A losing battle, maybe; but one worth scrapping over for the sake of questioning what sort of a society we wish to be, rather than simply (and unquestioningly) accepting the society we have become.

2. In a classic example of loaded reporting, the Guardian draws attention to consideration in Wales for re-shaping the teaching of Religious Education in schools. This is how the article begins:

For a long time, religious education has been about as unloved and neglected as a crumbling old church. Several people and organisations (some, admittedly, with a vested interest in its continuation) have warned in recent years that it has never been more needed, and this week it emerged that the Welsh government is considering an overhaul of the subject.

Huw Lewis, the Welsh government’s minister for education and skills told the Cardiff parliament that RE should be renamed, “[transforming] it into the religion, philosophy and ethics element of the curriculum – where there is an explicit commitment to allowing children to ponder ideas around ethics and citizenship”. He added: “We really need to allow young people the space and the time, within the school curriculum, to consider fundamental issues of faith and of citizenship and of the meaning of freedom.”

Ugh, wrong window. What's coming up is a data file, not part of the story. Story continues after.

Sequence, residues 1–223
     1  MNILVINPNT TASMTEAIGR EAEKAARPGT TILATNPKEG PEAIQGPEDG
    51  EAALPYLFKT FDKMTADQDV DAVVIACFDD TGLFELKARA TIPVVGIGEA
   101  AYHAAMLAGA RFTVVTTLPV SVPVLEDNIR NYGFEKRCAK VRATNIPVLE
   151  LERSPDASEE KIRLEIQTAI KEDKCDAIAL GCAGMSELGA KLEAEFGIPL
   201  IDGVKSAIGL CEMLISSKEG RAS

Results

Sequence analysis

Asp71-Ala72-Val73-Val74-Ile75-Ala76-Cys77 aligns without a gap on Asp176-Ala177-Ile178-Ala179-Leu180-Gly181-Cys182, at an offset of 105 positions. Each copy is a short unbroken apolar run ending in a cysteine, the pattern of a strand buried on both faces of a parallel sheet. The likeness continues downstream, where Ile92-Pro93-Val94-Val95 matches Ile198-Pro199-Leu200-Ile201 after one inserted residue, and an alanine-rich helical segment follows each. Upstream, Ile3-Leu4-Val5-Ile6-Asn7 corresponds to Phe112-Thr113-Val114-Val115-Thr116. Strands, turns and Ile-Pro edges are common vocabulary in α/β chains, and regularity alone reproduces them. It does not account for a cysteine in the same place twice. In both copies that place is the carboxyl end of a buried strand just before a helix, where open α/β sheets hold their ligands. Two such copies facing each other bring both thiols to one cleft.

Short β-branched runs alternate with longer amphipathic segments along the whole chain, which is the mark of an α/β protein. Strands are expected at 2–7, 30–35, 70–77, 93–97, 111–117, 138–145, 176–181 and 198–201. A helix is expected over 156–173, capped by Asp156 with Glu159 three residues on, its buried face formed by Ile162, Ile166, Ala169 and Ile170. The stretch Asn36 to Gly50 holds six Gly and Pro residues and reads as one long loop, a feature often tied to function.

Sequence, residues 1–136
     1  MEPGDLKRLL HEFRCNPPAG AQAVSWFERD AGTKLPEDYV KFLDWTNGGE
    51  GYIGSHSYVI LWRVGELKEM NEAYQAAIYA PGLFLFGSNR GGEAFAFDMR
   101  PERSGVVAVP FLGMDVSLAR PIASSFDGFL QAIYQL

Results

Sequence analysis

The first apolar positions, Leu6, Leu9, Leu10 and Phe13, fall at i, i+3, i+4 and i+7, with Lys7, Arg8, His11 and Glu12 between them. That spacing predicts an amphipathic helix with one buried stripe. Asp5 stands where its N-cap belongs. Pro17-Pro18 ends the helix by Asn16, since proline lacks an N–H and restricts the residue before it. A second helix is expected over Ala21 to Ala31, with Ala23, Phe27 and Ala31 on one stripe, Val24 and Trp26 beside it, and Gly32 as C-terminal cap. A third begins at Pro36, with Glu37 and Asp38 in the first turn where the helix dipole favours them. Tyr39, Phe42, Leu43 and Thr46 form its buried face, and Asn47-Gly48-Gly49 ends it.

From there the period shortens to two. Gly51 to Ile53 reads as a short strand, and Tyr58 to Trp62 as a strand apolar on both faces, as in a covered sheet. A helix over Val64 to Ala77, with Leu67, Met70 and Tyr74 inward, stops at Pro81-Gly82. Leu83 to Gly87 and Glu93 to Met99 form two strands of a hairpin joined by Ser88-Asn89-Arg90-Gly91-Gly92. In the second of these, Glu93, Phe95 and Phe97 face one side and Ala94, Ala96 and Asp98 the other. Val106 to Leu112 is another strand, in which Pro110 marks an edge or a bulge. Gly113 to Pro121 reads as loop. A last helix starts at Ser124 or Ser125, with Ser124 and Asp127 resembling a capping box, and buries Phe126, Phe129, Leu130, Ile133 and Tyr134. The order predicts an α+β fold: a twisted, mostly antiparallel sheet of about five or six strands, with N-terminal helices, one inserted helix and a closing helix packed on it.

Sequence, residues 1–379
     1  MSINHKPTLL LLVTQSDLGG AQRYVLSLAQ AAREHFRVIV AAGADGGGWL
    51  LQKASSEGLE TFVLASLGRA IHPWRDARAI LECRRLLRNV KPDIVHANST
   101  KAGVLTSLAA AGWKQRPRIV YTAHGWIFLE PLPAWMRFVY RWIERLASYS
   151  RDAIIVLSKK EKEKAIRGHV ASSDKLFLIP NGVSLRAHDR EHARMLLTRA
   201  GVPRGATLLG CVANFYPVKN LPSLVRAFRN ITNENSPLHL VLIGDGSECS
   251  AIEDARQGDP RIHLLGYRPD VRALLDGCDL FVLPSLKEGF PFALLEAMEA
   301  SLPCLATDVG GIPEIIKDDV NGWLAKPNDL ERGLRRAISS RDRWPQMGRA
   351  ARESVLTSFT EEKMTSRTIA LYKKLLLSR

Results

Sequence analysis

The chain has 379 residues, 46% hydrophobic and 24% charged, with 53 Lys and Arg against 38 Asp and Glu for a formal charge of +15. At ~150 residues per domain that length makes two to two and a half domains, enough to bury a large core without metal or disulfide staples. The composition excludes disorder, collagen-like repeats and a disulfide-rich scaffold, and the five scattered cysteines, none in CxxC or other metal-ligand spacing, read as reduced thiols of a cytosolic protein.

RE, long seen by many pupils as being at the dossy end of school subjects, has suffered over the years. A 2013 report by Ofsted found that more than half of schools were failing to teach the subject adequately

How many untested attestations does that contain? Staggering. How long is “a long time”? Where is the evidence that is has been unloved and neglected? Why compare it to a “crumbling old church” rather than a crumbling something else? Which organisations have a “vested interest in its continuation” – and why “admittedly”?

Is it not conceivable that the “vested interest” might be an intelligent argument or interest for the sake of the common good? Is it not remotely possible that, at a time when we need more religious education in order to understand the world and its people, we should be arguing for better teaching and learning rather than the dilution of it? Does “long seen by many pupils as being at the dossy end of school subjects” reflect simply the rather embarrassing prejudices of the journalist who wrote this stuff? Shouldn’t we expect better (of both RE teaching and journalism)?